Sweet has trumped savory.
Pin-Up Pastries squeaked by The Twisted Tandoor to claim the Arizona Daily Star’s inaugural Food Truck Madness title.
When all the ballots were counted, just 70 votes separated the two.
The tight race wasn’t a big surprise to Tracey Nahrwold, who runs Pin-Up with Tracy Santa Cruz.
“We were nervous (last) week because Twisted Tandoor is our favorite, and we knew there would be some competition,” Nahrwold says. “We have a lot of the same customers and many told us it was a tough decision.”
Santa Cruz, who started Pin-Up, just sort of cruised into the rolling-food business.
“An acquaintance of mine had a food truck in Phoenix and I was just sitting there one day and said, ‘OK, I think I’m going to do it.’ It was a close-your-eyes-and-do-it moment.”
That was in 2011. She knew it was the right decision after her first food-truck roundup.
“The response was huge, and that was it,” she says.
Nahrwold joined Santa Cruz in 2012 and the two have barely had a break since.
They load up the truck with sweets five to six days a week. Though they often switch up the selections, there are a few menu mainstays.
“There are a couple of things that are on the truck all the time,” Nahrwold says. “The maple bacon cupcakes — people would hang us if they weren’t on the truck — and the whoopie pies.”
They plan to come up with a way to thank their fans.
“We are thinking about what we will do for the fans who have supported us through this competition,” Nahrwold says. “We’re going to come up with some way to reward them.”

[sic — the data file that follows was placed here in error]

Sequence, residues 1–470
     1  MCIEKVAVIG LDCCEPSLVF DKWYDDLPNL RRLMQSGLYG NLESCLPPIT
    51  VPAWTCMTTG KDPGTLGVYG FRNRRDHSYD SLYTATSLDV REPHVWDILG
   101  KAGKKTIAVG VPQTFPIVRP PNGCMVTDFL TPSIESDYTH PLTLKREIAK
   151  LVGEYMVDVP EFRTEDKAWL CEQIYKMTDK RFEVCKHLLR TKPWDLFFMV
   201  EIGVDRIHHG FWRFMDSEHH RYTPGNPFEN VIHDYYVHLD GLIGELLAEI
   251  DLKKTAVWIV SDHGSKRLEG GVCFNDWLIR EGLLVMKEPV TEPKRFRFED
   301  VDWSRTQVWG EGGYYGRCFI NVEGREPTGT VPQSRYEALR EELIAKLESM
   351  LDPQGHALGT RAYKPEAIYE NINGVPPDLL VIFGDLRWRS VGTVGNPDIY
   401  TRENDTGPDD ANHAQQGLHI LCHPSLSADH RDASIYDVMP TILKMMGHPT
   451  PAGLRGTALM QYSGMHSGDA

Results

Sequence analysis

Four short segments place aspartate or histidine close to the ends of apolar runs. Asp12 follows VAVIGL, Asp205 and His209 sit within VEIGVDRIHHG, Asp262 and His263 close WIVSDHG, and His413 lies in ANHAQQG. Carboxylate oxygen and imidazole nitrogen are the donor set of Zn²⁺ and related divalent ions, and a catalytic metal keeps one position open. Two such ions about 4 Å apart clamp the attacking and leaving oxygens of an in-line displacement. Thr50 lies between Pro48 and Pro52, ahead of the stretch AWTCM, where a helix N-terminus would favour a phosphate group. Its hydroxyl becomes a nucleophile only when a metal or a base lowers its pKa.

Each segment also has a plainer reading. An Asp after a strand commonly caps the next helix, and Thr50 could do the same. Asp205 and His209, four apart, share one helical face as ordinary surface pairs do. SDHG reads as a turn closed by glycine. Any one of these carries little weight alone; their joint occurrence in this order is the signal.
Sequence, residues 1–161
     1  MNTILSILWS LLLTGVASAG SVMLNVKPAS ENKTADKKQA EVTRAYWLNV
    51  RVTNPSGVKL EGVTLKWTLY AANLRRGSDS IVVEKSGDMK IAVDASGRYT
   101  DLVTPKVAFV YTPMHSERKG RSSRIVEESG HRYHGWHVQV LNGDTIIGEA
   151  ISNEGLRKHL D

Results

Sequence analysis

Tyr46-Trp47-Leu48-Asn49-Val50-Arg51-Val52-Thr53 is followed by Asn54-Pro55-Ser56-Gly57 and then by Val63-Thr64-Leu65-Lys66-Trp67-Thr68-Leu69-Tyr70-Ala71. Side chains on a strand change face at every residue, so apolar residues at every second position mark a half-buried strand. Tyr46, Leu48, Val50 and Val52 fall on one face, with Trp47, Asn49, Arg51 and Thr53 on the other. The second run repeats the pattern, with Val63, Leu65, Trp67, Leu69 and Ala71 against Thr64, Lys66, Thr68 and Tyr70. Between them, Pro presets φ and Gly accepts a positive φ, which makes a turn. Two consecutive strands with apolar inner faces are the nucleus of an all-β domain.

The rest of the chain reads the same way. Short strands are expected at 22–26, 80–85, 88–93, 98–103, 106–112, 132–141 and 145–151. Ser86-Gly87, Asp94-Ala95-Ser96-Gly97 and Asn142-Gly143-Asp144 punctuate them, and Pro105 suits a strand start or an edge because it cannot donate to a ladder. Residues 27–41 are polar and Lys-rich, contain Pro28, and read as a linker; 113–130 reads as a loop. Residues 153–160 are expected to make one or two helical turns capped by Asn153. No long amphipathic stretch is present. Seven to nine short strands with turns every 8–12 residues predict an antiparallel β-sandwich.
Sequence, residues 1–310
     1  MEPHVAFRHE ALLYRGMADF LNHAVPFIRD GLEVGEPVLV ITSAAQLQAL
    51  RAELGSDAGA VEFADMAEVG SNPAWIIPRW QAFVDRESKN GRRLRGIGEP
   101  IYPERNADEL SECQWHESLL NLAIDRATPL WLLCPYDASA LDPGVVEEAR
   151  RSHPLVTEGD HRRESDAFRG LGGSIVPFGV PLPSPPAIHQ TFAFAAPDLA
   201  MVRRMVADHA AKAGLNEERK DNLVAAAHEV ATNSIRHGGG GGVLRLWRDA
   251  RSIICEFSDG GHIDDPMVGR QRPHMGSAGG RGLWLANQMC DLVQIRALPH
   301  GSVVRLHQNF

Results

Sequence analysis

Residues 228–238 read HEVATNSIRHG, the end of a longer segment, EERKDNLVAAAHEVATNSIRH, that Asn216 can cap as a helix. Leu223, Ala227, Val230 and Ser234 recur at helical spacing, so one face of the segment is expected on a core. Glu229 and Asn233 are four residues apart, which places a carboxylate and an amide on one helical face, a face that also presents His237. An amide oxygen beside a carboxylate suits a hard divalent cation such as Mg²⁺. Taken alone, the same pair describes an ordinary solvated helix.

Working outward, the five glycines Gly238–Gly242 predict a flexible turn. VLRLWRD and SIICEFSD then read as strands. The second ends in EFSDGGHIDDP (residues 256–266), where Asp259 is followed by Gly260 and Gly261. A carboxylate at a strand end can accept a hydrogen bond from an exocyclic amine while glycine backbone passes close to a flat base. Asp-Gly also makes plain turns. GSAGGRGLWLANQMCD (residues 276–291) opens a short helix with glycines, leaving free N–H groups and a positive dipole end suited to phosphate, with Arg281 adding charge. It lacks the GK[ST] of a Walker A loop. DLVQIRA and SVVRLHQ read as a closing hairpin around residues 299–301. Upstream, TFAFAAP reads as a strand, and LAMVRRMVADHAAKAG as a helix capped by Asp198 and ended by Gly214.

The win was a hard-fought one, with constant posts on its popular Facebook page urging fans to vote for them, as well as reminders as they dished out sweets to their customers.
So you can’t blame them if they give themselves a break.
“We’re taking a few days off so we can recoup, relax and give our Facebook followers a break,” Nahrwold says.
The Twisted Tandoor has already taken a few days off — owner Mukhi Singh says his parents were visiting from India last week, and he spent his time with them rather than drumming up votes.
And while he would have loved to win, he can’t complain.
“We were all winners,” he says, speaking of the food truck community.
Besides, he’s as big a fan of Pin-Up as Pin-Up is of Twisted Tandoor.
“They work their butts off,” he says of Santa Cruz and Nahrwold. “They have a beautiful product and they deserve the recognition.”
Singh started his food truck about 2½ years ago, cooking up delectables from his native India.
He, like Pin-Up, mixes up the offerings, but there are a few mainstays customers insist on: The chicken tikka masala and the samosa.
“Tucson is a kind, kind city, and they’ve given us an opportunity that’s totally beyond our belief,” Singh says. “We are so grateful for the support and loyalty. It’s something we never take lightly.”
While he would have loved to win, he’s not going to quit trying to woo fans.
“Now we know Tucson is a sweet town,” he says. “Now it’s up to us to make it a spicier town.”